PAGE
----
a) They are being mostly cut out of the process. Whether that’s in violation of the dealers’ franchise agreements or not is undetermined, but I doubt it, and…

    b) Care by Volvo did soak up a lot of the XC40’s allocation, and it’s a hot car right now. That minimizes the number of transactions on which the dealers can profit by their normal means. Since the XC40 is probably also the car most likely to garner new customers for Volvo, it hit dealers doubly hard.

    Still, that’s not to say that Volvo couldn’t work out an arrangement that involves the dealers more, while still providing the same type of experience to the customer. I just wonder how amenable each party would be.

  • avatar

    Did the association just make a claim of “illegal payment packing”???

    Oh, if I were a CA lawyer, I would seek out the first ten people who can show me enough evidence of payment packing, and go after the entire association and all of its members individually.

    If he wants to open that door, he’d better be prepared for what walks in.

  • avatar

    Tesla have the right approach – cut out the middle man! As a Brit looking on America I’m genuinely surprised that the US seems to be so protectionist. You guys are becoming very socialist these days it seems.

    • 0 avatar
      Frédéric-Alexandre Decelles

      The requirements and cost that dealers have to put up with is tremendous. (The Lincoln door for Ford for example).

      Dealers have a right to protect themselves. It does not mean it’s the proper thing to do for the future.

      But they have protections under the law. It’s a tough business.

      • 0 avatar

        Everyone has a “right to protect themselves.” In civilized countries, consumers as well. By ensuring they can route around deadweight attempting to insert themselves, with the aid of run amuck juntas, between producers and consumer of value.

  • avatar

    If in fact the subscription model is bringing many new customers to Volvo, then the dealers should be pleased. The primary money maker is service, not sales! More Volvos on the road in warranty == more Volvos coming to dealerships for service, any way you slice it. The manufacturer isn’t standing up their own service facilities, are they?

  • avatar

    Who would’ve guessed the dealers are upset they can’t screw customers into putting $3999 down on a lease (never wise to put money down on a lease) and get them at $550/month when they can pay the expensive but not crazy unreasonable amount that Care by Volvo charges.

    I’m just dreaming of the day FCA comes out with a subscribion program called “Octane” or something that put credit rebuilding customers into Journey’s, that would be excellent!

    • 0 avatar

      The manufacturers generally are the ones that set the national ads which always include money down. As a sales person I hate it because consumers come in with crazy expectations about down payments.. not to mention tax, tags, and fees aren’t included in those prices either. Yes, some dealers go even further off the deep end.

  • avatar
    healthy skeptic

    I have nothing against car dealers (or any middleman) per se, but franchise laws need to go. Essentially they force a middleman into the transaction whether anyone wants them there or not. If middlemen exist, it should be because the market wants/needs them there, not because it’s mandated by law.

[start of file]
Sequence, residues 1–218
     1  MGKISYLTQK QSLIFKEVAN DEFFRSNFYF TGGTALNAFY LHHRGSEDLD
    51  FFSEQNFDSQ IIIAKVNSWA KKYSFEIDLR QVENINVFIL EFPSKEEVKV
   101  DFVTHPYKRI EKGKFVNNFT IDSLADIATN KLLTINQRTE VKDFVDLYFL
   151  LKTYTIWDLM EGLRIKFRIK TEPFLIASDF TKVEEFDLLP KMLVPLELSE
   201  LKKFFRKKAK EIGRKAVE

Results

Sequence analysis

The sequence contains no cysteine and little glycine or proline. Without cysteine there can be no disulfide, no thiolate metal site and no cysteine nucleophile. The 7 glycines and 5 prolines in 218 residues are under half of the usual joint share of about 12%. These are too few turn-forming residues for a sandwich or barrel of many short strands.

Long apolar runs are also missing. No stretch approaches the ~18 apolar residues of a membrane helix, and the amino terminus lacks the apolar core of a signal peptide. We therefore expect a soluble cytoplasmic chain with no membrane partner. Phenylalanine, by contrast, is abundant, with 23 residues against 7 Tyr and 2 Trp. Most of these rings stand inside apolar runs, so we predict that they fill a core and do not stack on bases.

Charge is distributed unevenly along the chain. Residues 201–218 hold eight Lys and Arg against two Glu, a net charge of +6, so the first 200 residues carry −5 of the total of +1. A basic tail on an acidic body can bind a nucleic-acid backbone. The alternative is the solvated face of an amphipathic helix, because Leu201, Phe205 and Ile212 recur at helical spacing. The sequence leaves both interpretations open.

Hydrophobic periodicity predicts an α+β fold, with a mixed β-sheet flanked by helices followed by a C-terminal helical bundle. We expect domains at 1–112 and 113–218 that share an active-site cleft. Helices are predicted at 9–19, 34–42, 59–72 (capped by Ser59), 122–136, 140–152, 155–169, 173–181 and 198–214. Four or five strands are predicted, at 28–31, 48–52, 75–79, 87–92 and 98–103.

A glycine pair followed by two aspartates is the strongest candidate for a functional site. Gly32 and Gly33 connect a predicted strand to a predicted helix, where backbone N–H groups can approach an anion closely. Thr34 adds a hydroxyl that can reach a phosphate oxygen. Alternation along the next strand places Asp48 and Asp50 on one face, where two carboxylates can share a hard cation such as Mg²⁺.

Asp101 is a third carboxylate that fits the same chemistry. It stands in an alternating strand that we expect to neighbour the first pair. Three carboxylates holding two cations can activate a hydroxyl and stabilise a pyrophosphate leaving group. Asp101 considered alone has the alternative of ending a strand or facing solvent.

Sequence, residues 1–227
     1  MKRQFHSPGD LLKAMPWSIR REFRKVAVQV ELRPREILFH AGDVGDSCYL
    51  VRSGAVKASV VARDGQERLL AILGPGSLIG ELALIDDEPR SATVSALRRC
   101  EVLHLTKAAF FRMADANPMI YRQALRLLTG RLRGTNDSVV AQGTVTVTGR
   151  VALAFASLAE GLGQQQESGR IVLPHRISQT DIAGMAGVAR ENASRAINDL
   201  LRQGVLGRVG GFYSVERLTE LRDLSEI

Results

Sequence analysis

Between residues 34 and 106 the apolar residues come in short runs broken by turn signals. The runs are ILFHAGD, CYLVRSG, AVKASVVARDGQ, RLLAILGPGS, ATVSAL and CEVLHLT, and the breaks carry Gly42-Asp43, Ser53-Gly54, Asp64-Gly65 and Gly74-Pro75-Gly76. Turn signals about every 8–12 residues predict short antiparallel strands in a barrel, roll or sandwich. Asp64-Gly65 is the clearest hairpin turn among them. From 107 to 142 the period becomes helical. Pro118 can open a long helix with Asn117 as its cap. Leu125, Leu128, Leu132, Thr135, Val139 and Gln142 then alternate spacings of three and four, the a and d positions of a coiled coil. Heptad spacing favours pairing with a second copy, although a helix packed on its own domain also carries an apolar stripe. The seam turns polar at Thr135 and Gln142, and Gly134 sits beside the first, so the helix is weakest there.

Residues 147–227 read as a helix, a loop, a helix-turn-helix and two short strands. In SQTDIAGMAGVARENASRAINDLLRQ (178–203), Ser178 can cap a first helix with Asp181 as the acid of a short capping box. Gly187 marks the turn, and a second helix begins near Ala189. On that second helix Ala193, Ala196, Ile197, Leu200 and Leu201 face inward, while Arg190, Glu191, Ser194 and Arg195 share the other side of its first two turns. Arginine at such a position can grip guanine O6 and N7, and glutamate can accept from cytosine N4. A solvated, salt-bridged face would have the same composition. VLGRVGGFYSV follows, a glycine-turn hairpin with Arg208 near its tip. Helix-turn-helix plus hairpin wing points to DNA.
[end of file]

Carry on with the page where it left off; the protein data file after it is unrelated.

>> These kinds of subscription models essentially squash the ability for dealer markups while allowing factories to make some side cash via a more direct relationship with the customer.

    Oh, the horror!

    >> That results in dealerships becoming little more than pickup and drop-off points for subscription vehicles.

    Then maybe dealers should get out of sales, and transition into being franchised repair shops and vehicle prep points. Seems like a more forward-looking model.

    • 0 avatar

      Exactly, well said.

      I think based only on anecdotal evidence that Volvos are particularly popular for business leasing – Corp executives and the company car. I assume Care by Volvo threatens that.

  • avatar

    The subscription program would work better if you could walk onto a lot and pick a car and get a price based on that car. The Care by Volvo requires you to enter into a wait list for the XC40 they don’t have enough of. You wait a year sometimes to get a car to keep for a year. Even under it’s ideal setup you order and wait a few months. That’s counter to the appeal of subscriptions. That just doesn’t make sense. Plus you’re limited on options. To make the program successful they could have you pick a car from inventory and get a subscription on that base on msrp. It wouldn’t always be the same. I think most customers do want the dealership interaction, though they may wish it were a different interaction than they get.

  • avatar

    Does this mean Hyundai’s flat-rate package lease on an Ioniq Electric is illegal too?

    Intersection dept: wasn’t Volvo supposed to bring us an electric XC40 for $40k-ish? If they’re leasing the regular gas version for $650 a month, then either the gas version is hella profitable, or the promised electric version isn’t going to come in anywhere near its promised price.